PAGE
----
Luke 6:17-26 Jesus came down with the twelve apostles and stood on a level place, with a great crowd of his disciples and a great multitude of people from all Judea, Jerusalem, and the coast of Tyre and Sidon. They had come to hear him and to be healed of their diseases; and those who were troubled with unclean spirits were cured. And all in the crowd were trying to touch him, for power came out from him and healed all of them.
Then he looked up at his disciples and said:
“Blessed are you who are poor,
for yours is the kingdom of God.
“Blessed are you who are hungry now,
for you will be filled.
“Blessed are you who weep now,
for you will laugh.
“Blessed are you when people hate you, and when they exclude you, revile you, and defame you on account of the Son of Man. Rejoice in that day and leap for joy, for surely your reward is great in heaven; for that is what their ancestors did to the prophets."
"But woe to you who are rich,
for you have received your consolation.
"Woe to you who are full now,
for you will be hungry.
"Woe to you who are laughing now,
for you will mourn and weep.
"Woe to you when all speak well of you, for that is what their ancestors did to the false prophets.”
Reflection Jesus has just come down from the mountain where he had been praying and chose the twelve whom he named apostles, ones who are sent forth. Then Jesus looks at his disciples and says, “Blessed are you when you are poor, or hungry or weep or people hate and exclude you.”
What does he mean, to be blessed? To be blessed is to be made holy. To be holy is to be sanctified or set apart, purified, redeemed and made happy. For those of us who commit to love Jesus more dearly and follow Jesus more nearly (and be sent out to continue his work) the promise is, even while in the midst of suffering the holy abides with us, thus we are blessed, no matter what.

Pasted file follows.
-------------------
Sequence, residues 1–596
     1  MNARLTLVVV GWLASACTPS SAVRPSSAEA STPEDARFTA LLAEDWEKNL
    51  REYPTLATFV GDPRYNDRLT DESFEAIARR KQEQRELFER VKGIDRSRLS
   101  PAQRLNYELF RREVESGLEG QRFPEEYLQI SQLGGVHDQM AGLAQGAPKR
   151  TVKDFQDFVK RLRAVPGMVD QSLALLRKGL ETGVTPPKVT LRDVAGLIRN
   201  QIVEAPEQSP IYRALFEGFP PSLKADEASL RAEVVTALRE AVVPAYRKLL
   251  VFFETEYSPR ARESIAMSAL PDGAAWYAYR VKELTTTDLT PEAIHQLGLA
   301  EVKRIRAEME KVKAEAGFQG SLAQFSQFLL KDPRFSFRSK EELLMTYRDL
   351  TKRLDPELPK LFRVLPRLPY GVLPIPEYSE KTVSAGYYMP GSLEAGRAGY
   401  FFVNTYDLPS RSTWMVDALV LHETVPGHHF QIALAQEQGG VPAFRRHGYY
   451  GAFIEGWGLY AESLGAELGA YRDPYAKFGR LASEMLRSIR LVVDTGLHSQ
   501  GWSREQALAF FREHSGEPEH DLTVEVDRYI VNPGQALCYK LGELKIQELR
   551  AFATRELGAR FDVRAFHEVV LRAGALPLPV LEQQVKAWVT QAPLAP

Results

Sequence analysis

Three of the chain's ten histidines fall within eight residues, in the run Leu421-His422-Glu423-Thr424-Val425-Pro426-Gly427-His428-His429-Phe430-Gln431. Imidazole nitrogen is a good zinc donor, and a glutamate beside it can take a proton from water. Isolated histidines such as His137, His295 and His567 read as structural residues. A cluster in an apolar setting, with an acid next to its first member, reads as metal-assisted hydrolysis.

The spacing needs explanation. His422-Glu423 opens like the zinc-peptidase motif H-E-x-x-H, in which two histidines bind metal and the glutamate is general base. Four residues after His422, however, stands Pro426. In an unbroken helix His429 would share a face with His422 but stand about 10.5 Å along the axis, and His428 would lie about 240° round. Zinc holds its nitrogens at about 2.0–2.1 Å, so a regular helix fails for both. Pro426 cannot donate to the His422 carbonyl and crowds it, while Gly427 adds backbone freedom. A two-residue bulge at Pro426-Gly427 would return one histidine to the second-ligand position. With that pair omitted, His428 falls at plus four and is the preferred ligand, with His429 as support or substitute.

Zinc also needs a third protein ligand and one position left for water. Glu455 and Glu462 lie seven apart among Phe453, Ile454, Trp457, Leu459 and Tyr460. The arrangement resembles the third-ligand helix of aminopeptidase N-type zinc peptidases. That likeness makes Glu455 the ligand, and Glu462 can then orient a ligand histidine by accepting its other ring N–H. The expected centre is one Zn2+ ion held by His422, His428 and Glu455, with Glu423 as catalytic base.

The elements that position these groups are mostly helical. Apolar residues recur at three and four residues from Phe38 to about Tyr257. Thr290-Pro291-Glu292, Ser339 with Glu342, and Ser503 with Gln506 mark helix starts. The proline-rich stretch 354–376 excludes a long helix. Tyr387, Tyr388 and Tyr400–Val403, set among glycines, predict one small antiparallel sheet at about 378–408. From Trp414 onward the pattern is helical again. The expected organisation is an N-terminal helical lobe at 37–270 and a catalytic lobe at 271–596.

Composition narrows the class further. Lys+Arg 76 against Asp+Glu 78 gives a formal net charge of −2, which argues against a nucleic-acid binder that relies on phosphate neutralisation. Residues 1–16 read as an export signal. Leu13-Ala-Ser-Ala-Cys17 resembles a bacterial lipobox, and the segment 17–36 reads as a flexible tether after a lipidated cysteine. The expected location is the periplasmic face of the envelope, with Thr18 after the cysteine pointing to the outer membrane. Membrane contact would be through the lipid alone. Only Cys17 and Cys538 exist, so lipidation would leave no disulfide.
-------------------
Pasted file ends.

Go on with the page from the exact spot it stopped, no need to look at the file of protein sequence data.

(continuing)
Then Jesus reverses course and declares, woe to you who are rich, full, laughing and when people speak well of you. Woe is an interjection of grief, “Oh no…!” When we are on top of our game and the world seems to be in our pocket, we cannot cling to things of this world therefore, woe will inevitably befall us. Oh no, inevitably our good fortune will fade.
In his sermon on the plain Jesus directs us to break out of our dualistic categories of right and wrong, good and bad, woe and blessing. When seemingly bad things happen we have reason to hope and be holy. When seemingly good things happen we have reason to grieve. Could this be Jesus foreshadowing St. Ignatius of Loyola’s insight that in the midst of desolation is hidden the seed of consolation, the promise that all will be redeemed and restored to holiness when we choose “with God life?” Likewise, tucked away in the heart of good fortune (consolation) is the seed of desolation because we cannot cling to fortune, inevitably it will pass?
The beatitudes poetically acknowledge our ever changing human condition. No matter who we are, we endure suffering, injustice and loss as well as fulfillment, joy and gain. Although we prefer to gloss over it, we are all subject to adversity as well as to advantage, we all are vulnerable to change. What makes the difference in how we navigate the good times and the bad is whether or not we set our hearts to love Jesus more dearly and our feet to follow Jesus more nearly. Navigating the vicissitudes of life with Jesus, we are blessed no matter what.
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